Mellon Financial Corp. has added another top stock analyst rating to its trophy case.
First Security Van Kasper on Wednesday upgraded Mellon shares to "strong buy" from "buy" and raised its 12-month price target $14, to $60. The Pittsburgh banking company was already a favorite stock of analysts, with an average rating of 1.6 on a First Call/Thomson's scale from 1 (strong buy) to 5 (sell).
Diana Yates of A.G. Edwards & Sons Inc. increased her target price $4 Thursday, to $52, because of an expected price-earnings multiple of 23 times 2001 earnings of $2.24 per share. Mark T. Fitzgibbon of Sandler O'Neill & Partners lifted his target price $5 Tuesday, to $51.
Mellon shares rose 18.75 cents, or 0.43% to close at $43.8125 Thursday, a weak trading day for banks.
"Management continues to leverage its nonbank operations," said First Security analyst Eric E. Rothmann. Citing the company's ability to create above-average earnings growth, he said his 2001 estimate of $2.29 a share would provide a 40% return to investors, excluding the current 2.1% dividend yield.
Mellon's ongoing shift from traditional banking into financial services is a process of "creative destruction to make more money," Mr. Rothmann said. "Mellon's continued leveraging of its asset management capabilities will be critical to its future success."
In a report, Ms. Yates said Mellon is "well positioned to benefit from the changing demographic trends" by serving baby boomers who are making a switch from consumption to investment.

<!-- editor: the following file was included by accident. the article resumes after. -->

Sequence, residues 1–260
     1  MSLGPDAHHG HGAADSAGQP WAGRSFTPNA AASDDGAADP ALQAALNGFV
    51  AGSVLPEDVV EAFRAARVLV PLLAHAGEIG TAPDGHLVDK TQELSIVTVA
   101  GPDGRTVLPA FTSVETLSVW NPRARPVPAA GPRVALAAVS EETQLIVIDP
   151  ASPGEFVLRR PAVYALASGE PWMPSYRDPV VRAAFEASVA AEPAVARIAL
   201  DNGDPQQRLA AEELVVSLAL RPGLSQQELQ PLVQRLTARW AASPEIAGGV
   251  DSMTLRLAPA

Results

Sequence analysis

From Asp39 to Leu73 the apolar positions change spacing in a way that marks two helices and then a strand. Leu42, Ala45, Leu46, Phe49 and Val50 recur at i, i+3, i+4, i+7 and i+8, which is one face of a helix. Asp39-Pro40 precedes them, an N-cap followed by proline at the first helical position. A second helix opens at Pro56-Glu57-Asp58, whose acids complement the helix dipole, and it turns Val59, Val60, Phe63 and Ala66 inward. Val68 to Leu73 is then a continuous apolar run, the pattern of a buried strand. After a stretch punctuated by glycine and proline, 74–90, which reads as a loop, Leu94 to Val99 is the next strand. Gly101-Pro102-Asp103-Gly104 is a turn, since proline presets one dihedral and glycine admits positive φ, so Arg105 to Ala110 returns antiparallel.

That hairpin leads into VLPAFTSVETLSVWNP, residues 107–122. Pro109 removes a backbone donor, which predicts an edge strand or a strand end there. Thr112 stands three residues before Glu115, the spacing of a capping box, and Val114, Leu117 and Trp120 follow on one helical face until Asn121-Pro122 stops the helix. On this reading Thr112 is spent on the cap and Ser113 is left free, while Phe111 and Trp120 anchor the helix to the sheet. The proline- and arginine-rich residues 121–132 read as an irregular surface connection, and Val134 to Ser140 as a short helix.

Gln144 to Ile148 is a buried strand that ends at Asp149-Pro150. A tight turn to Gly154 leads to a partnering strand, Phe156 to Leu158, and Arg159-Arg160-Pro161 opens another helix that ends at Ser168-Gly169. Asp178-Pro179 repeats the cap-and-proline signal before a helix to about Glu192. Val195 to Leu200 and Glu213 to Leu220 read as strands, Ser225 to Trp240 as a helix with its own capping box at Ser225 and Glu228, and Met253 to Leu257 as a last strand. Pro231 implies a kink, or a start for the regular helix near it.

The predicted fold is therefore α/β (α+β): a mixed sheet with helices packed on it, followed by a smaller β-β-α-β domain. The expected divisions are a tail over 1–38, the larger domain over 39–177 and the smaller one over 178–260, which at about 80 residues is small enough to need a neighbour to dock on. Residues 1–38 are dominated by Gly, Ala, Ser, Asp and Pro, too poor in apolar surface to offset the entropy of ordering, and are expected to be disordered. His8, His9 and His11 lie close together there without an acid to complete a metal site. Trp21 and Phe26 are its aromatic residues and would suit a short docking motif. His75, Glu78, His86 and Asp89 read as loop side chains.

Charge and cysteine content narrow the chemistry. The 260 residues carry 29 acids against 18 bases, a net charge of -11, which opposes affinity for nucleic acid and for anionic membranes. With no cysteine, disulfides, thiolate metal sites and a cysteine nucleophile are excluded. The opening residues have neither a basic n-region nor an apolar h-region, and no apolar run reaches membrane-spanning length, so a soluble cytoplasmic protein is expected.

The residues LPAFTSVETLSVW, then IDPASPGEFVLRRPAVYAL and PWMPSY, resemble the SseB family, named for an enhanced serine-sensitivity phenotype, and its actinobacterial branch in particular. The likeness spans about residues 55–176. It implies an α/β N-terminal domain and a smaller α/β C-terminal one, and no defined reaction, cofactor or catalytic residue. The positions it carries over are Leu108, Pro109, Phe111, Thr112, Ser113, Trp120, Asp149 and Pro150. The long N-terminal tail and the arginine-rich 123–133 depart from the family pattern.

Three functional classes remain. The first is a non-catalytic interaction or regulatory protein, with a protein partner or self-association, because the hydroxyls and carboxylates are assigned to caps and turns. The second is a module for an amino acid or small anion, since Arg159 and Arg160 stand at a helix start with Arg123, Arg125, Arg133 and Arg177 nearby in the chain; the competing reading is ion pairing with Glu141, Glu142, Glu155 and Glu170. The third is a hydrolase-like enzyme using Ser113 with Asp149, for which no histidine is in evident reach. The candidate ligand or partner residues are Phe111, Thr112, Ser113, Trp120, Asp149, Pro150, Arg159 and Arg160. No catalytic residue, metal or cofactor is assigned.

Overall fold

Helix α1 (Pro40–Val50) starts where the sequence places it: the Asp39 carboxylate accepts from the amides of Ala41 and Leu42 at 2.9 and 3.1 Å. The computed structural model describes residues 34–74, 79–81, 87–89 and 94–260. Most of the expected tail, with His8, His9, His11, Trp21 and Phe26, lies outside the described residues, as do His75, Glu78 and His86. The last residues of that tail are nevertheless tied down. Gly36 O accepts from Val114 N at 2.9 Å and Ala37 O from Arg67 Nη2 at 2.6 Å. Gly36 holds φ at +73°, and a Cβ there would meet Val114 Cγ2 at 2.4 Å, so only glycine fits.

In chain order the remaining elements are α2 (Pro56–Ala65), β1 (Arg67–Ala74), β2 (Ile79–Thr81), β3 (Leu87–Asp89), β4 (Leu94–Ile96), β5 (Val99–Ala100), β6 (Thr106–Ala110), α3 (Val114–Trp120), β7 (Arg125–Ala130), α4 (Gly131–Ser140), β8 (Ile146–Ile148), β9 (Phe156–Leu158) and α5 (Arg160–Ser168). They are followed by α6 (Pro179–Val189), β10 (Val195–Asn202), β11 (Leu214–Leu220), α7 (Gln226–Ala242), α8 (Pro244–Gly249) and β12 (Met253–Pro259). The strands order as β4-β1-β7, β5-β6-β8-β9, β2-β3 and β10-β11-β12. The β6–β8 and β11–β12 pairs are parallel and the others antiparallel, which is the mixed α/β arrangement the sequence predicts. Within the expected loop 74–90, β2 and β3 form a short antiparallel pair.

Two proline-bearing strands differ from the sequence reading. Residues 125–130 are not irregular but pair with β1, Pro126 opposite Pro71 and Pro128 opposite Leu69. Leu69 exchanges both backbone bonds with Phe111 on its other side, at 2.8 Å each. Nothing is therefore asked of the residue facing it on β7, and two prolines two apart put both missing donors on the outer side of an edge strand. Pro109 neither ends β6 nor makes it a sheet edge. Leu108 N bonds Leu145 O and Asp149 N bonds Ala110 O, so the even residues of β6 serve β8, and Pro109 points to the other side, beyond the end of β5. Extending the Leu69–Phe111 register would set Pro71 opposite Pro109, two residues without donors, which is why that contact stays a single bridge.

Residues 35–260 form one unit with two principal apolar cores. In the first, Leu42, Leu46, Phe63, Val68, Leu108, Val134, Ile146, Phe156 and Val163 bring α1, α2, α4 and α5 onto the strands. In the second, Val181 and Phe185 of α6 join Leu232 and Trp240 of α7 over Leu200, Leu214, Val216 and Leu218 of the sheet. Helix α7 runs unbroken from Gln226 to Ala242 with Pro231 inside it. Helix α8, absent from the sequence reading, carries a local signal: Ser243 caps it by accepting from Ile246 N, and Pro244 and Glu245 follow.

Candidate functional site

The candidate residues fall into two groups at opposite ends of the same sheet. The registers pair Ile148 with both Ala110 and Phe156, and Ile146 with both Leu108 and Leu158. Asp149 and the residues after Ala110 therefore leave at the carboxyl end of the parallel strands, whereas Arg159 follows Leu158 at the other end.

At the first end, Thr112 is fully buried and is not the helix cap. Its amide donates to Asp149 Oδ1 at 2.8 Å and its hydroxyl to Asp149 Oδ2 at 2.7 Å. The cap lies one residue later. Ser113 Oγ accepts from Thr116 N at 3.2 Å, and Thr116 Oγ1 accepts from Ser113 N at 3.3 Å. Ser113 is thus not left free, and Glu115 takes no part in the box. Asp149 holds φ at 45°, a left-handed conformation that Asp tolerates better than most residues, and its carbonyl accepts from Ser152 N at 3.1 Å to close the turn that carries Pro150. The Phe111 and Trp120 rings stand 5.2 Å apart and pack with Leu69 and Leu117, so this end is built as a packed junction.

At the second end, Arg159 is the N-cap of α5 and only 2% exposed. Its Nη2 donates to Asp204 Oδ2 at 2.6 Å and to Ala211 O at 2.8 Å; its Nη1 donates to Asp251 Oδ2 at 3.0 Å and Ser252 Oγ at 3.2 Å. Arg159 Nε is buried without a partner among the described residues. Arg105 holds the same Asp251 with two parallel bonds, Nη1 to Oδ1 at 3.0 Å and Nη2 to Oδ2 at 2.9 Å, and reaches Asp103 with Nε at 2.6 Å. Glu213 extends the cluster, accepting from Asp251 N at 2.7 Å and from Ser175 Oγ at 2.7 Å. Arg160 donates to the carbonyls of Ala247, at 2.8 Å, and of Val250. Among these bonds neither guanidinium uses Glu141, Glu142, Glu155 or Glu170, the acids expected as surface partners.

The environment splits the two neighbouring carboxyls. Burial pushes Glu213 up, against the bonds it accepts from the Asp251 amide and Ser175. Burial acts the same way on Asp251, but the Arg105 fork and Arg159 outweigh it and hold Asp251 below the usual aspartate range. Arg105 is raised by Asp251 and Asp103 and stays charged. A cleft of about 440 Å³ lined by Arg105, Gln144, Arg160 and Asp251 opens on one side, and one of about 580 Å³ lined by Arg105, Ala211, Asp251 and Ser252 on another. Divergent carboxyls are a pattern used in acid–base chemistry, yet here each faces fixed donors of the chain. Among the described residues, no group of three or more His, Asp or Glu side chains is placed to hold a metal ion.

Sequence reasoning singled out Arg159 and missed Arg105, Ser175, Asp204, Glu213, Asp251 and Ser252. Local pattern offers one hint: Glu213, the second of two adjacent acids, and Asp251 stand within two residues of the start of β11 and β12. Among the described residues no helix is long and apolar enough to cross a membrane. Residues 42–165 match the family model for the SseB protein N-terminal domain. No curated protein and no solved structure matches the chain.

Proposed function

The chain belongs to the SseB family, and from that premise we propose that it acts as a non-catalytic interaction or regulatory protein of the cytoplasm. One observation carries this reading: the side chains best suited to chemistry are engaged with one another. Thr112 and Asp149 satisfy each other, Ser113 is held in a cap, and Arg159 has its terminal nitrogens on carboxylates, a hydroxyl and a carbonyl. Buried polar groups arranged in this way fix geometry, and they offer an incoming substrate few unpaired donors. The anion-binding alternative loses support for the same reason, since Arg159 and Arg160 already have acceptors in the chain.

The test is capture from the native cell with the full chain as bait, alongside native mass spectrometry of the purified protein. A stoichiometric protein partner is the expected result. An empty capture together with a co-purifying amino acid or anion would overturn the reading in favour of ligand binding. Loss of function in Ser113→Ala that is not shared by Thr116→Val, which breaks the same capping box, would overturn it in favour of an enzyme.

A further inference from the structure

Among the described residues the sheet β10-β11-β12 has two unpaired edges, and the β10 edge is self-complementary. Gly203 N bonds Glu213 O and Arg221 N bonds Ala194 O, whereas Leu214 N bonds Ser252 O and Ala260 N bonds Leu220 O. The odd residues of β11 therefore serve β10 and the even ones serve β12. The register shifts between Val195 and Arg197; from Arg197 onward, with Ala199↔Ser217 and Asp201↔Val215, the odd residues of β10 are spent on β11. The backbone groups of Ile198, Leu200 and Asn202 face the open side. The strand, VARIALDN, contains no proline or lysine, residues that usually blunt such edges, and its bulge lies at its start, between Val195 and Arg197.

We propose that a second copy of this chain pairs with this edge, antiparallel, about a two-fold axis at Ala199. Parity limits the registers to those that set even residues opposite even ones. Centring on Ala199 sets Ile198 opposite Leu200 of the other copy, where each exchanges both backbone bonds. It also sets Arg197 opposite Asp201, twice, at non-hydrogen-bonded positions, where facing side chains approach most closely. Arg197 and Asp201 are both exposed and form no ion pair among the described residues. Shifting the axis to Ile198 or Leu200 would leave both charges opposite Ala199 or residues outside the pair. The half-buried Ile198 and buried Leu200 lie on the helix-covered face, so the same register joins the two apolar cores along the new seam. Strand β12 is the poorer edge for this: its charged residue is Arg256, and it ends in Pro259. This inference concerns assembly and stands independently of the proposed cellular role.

Through its global financial service lines, the company has $511 billion of assets under management and $2.2 trillion under custody. Mellon announced an annualized 12% growth in trust and investment fee revenue in its second-quarter report. Its earnings of 50 cents per share that quarter were in line with analyst expectations.
However, it is not only Mellon's wealth management business that impresses analysts. Regional consumer banking contributed about 16% of its gross revenue last year, and Mr. Fitzgibbon said the company is utilizing these returns "to support investment in the growth businesses."
Large corporate banking has delivered only a 12% return on equity over three years, but Mr. Rothmann said he expects "a refocusing on leveraging on the banking relationship with higher return business."
Ms. Yates said she considers Mellon a good investment, but left her rating at "accumulate." Mr. Fitzgibbon said Mellon deserves to trade on a premium to other banks, and he gives its stock a "buy" rating.
Elsewhere in the market, Salomon Smith Barney increased its third-quarter earnings estimate for Lehman Brothers 45 cents, to $2.80. "Investment banking revenues appear poised to come in significantly better than our original expectation," analyst Guy Moszkowski wrote.
Lehman's stock rose $3.9375, or 3%, to close at $135.375.